We suggested, however, that the district court's reading of Sec. 1301, see 596 F.Supp. 350, 354-55, may have been erroneous because if Sec. 1301, which is the definitional part of ERISA, "can be used as a withdrawal-escaping device, the other exemptions may thus be rendered nugatory." 787 F.2d at 900 n. 4


By contrast, some statutes make fee awards mandatory for prevailing plaintiffs, while others make awards permissive but limit them to certain parties, usually prevailing plaintiffs. For a list of such statutes, see Christiansburg Garment Co. v. EEOC, 434 U.S. 412, 415-16 nn. 5-6, 98 S.Ct. 694, 697 nn. 5-6, 54 L.Ed.2d 648 (1978)


In Hughes v. Rowe, 449 U.S. 5, 101 S.Ct. 173, 66 L.Ed.2d 163 (1980) (per curiam), the Court applied the Christiansburg standard to 42 U.S.C. Sec. 1988 with respect to an award of fees to prevailing defendants in a Sec. 1983 action


For a description of how MPPAA works, see United Retail & Wholesale Employees Teamsters Union Local No. 115 Pension Plan v. Yahn & McDonnell, Inc., 787 F.2d 128 (3d Cir.1986)


We do not suggest that a prevailing employer's application for fees should never be considered under a more liberal standard. If the employer has vindicated a constitutional right or benefitted a large number of people, the equities might well favor an easier availability of fees. See Shelter Framing Corp. v. Pension Benefit Guaranty Corp., 705 F.2d 1502 (9th Cir.1983), rev'd on other grounds sub nom. Pension Benefit Guaranty Corp. v. R.A. Gray & Co., 467 U.S. 717, 104 S.Ct. 2709, 81 L.Ed.2d 601 (1984) (allowing award to employer that prevailed on a constitutional claim); Republic Industries, Inc. v. Teamsters Joint Council No. 83 of Virginia Pension Fund, 718 F.2d 628, 644 (4th Cir.1983), cert. denied, 467 U.S. 1259, 104 S.Ct. 3553, 82 L.Ed.2d 855 (1984) (same). However, such considerations are inapplicable here, for Dorn's neither prevailed on its constitutional claim nor represents itself as benefiting a large number of people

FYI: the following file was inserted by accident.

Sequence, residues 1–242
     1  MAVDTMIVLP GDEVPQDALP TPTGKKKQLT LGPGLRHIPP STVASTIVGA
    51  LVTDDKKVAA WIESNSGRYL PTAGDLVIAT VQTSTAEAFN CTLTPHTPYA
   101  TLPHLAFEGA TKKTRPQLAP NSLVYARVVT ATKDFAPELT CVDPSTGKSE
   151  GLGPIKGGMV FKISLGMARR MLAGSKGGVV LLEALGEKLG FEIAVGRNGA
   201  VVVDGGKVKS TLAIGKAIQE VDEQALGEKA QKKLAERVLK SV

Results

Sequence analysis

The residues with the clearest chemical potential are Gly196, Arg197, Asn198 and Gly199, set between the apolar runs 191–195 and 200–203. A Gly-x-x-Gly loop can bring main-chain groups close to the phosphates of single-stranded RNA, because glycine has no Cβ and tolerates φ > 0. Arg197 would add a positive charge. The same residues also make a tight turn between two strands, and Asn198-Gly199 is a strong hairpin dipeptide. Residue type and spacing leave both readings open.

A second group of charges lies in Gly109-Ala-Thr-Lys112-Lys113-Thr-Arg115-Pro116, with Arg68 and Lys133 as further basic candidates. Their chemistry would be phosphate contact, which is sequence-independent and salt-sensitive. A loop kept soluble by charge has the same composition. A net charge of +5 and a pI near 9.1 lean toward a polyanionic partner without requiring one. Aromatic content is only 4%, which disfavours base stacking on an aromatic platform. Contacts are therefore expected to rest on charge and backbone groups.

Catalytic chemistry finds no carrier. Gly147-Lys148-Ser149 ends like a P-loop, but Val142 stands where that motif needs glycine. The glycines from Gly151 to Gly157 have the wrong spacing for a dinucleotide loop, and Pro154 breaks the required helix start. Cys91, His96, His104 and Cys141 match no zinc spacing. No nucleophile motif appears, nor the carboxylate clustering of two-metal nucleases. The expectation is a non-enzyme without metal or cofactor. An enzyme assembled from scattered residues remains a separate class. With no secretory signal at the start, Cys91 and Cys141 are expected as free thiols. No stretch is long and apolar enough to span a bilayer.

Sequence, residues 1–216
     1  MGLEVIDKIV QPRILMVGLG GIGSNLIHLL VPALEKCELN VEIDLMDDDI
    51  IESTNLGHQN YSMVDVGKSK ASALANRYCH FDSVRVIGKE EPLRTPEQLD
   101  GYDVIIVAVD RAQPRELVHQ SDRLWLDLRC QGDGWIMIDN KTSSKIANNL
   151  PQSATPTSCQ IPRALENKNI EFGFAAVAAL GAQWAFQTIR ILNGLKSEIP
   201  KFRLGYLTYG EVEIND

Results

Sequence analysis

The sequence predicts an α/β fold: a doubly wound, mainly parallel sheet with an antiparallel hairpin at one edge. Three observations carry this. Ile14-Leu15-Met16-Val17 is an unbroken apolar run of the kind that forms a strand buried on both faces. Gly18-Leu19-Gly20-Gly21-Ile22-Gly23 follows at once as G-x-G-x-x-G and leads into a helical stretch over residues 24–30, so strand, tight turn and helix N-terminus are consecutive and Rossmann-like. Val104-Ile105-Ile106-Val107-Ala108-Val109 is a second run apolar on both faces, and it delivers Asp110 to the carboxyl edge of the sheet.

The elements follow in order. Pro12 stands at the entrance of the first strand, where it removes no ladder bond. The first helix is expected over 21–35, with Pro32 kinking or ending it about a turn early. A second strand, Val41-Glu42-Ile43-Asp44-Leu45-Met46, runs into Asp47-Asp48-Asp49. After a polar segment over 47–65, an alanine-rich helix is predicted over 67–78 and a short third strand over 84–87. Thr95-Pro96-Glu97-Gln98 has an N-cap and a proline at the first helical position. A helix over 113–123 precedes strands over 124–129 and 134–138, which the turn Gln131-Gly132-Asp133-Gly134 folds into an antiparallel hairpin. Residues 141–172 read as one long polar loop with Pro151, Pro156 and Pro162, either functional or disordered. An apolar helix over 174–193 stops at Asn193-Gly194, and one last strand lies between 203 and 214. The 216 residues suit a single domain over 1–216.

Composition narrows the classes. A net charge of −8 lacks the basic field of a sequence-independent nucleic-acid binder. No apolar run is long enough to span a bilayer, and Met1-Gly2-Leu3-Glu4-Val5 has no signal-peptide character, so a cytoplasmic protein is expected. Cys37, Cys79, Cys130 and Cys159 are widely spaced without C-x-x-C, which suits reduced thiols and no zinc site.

The Plan suggests that we adopt the five-prong test established in Iron Workers Local No. 272 v. Bowen, 624 F.2d 1255 (5th Cir.1980), for determining fee awards under the fee-shifting provision of ERISA, 29 U.S.C. Sec. 1132(g). Because we believe that Congress intended that attorneys' fees only rarely should be awarded to prevailing employers under MPPAA, but that they should be awarded quite freely to prevailing plans, we find the Christiansburg test more apposite. It imposes a stricter standard on the award of attorneys' fees to prevailing employers than does the more complex Iron Workers balancing test. Moreover, unlike the unitary Iron Workers test, the Christiansburg standard would apply only to prevailing employers, thus allowing the adoption of a more liberal standard for awarding attorneys' fees to prevailing plans


Indeed, the district court stated that "[t]he extremely limited case law in this area makes this a difficult issue to resolve." Dorn's Transportation, Inc. v. Teamsters Pension Trust Fund, 596 F.Supp. 350, 355 (D.N.J.1984)


We are mindful of Chief Judge Weinstein's admonition:

Hindsight rationalizations for finding frivolousness must constantly be guarded against.... Judicial opinion-writing style is well-known; after the judge equivocates in chambers and cogitates, with the decision wavering in the balance, the opinion is written in an adversarial fashion as if the court never had been dubitante and the outcome was always inevitable. This is deemed necessary, perhaps, on the theory that the law must seem certain to be respected. See K.N. Llewellyn, The Common Law Tradition: Deciding Appeals 24 (1960).

Eastway Construction Corp. v. City of New York, 637 F.Supp. 558 (E.D.N.Y.1986), 1986-1 Trade Cas. (CCH) p 67, 165.